Next Generation Science Standards: Empowering Teachers to Empower Students for the Future of STEM
We empower teachers to prepare and inspire students for the future of STEM through dynamic training and mentoring on the state adopted, industry recognized Next Generation Science Standards.
Please describe the activation your organization seeks to launch.
We seek to empower teachers to prepare and inspire students for the future of STEM through dynamic training and mentoring on the state adopted, industry recognized Next Generation Science Standards.
Which of the LEARN metrics will your activation impact?
College and community college completion rates
College matriculation rates
Students’ immersion in Science, Technology, Engineering, and Math content
Will your proposal impact any other LA2050 goal categories?
LA is the best place to CREATE
In what areas of Los Angeles will you be directly working?
How will your activation mobilize Angelenos?
Trainings and/or in-person engagements
Connect Angelenos with impactful volunteer opportunities
Describe in greater detail how your activation will make LA the best place to LEARN?
In 2013, the California Board of Education adopted the Next Generation Science Standards (NGSS) for K-12 public schools. Those standards were developed by 26 lead states in collaboration with key stakeholders in science, science education, higher education, and industry, based upon the new Framework for K-12 Science Education developed by the National Academy of Sciences. NGSS emphasizes “three-dimensional learning”: disciplinary core ideas, crosscutting concepts, and science and engineering practices. NGSS aligns with Common Core State Standards to prepare students for college and careers.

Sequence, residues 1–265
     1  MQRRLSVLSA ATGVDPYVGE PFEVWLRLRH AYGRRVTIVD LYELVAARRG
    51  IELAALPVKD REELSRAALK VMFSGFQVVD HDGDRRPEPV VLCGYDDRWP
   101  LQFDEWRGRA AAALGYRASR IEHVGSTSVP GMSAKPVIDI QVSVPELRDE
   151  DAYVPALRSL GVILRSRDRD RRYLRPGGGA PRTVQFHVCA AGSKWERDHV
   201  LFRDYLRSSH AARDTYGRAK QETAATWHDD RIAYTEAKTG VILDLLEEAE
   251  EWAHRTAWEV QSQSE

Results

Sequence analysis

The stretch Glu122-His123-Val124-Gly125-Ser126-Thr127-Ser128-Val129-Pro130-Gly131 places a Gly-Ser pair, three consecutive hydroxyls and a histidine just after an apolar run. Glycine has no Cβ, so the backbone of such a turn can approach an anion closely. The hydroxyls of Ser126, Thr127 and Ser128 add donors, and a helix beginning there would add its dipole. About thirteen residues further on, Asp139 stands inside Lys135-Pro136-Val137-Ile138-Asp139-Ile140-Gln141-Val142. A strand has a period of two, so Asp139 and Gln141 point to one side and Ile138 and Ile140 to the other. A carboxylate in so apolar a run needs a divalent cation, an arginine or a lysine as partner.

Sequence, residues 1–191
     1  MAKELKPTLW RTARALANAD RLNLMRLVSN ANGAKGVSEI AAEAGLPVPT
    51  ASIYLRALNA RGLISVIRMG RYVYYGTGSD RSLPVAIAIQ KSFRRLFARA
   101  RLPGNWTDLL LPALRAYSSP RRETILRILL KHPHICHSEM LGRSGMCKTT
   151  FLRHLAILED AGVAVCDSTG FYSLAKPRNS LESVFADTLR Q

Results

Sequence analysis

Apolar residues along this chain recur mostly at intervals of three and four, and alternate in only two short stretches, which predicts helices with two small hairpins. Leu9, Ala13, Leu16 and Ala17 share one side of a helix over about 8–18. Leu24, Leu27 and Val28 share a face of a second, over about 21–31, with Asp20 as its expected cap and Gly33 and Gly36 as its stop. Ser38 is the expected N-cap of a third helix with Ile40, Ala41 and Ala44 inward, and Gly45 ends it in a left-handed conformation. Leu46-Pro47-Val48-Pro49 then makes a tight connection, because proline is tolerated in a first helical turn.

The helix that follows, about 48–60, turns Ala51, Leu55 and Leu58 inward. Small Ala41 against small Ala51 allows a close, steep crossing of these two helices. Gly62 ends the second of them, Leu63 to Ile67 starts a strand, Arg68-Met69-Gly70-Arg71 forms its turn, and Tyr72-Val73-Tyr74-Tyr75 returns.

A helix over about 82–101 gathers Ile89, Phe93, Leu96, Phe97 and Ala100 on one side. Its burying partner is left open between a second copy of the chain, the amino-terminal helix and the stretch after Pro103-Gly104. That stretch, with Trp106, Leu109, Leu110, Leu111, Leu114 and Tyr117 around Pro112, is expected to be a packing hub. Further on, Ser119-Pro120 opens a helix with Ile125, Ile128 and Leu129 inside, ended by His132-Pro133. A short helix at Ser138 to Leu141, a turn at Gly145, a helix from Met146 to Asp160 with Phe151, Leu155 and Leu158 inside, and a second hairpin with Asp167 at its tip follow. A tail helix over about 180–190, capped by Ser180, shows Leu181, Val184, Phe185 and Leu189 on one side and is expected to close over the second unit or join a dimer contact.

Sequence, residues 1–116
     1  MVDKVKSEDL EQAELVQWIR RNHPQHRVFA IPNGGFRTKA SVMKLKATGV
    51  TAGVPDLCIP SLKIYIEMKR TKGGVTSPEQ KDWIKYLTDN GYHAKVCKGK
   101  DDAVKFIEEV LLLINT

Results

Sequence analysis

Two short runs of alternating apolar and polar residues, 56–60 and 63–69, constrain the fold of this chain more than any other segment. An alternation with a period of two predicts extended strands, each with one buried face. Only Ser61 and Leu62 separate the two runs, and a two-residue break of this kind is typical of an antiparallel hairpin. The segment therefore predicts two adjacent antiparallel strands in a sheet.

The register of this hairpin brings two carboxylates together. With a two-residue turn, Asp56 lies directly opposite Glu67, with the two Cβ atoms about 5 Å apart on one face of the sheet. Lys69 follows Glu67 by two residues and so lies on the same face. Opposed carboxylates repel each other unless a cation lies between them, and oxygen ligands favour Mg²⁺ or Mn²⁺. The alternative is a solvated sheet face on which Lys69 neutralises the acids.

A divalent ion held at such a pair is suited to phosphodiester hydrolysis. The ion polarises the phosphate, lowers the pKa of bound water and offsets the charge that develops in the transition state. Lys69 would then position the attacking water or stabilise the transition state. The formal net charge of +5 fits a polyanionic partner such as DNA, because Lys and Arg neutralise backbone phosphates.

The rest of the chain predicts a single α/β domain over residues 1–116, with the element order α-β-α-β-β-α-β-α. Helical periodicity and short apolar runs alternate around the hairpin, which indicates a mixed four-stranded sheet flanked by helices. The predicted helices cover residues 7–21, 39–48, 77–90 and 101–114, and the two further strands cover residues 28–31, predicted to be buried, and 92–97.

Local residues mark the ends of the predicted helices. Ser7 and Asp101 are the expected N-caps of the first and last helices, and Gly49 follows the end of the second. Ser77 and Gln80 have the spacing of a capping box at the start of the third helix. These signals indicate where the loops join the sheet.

NGSS adoption in California was critical. It had been 15 years since standards were revised, despite numerous advances in the field of science and the innovation driven economy. However, implementation has been uneven with limited teacher training. LA simply cannot be the best place to learn if our science teachers are not given the skills to prepare our students for the future of STEM. Students will not be prepared for college, careers and citizenship unless teachers set the right expectations and goals. Improved science standards will inspire students to pursue STEM in higher education and prepare them for the rigors of college, lifting our higher education completion rates and time to completion. In turn, employers can hire workers with strong science-based skills—including specific content areas but also skills such as critical thinking and inquiry-based problem solving.